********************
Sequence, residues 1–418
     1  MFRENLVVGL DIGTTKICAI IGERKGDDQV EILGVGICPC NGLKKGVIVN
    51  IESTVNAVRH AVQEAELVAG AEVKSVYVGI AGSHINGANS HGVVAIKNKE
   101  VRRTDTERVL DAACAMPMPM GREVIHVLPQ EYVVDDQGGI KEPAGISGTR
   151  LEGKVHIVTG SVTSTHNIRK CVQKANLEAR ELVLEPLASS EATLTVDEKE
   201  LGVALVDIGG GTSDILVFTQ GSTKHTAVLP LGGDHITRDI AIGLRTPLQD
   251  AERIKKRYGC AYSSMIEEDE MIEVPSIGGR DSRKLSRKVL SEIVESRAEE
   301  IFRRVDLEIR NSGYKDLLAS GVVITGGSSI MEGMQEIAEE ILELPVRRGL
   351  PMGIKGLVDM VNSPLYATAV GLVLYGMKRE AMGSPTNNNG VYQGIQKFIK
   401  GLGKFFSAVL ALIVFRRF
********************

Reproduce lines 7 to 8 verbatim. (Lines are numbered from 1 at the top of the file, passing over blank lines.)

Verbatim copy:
   251  AERIKKRYGC AYSSMIEEDE MIEVPSIGGR DSRKLSRKVL SEIVESRAEE
   301  IFRRVDLEIR NSGYKDLLAS GVVITGGSSI MEGMQEIAEE ILELPVRRGL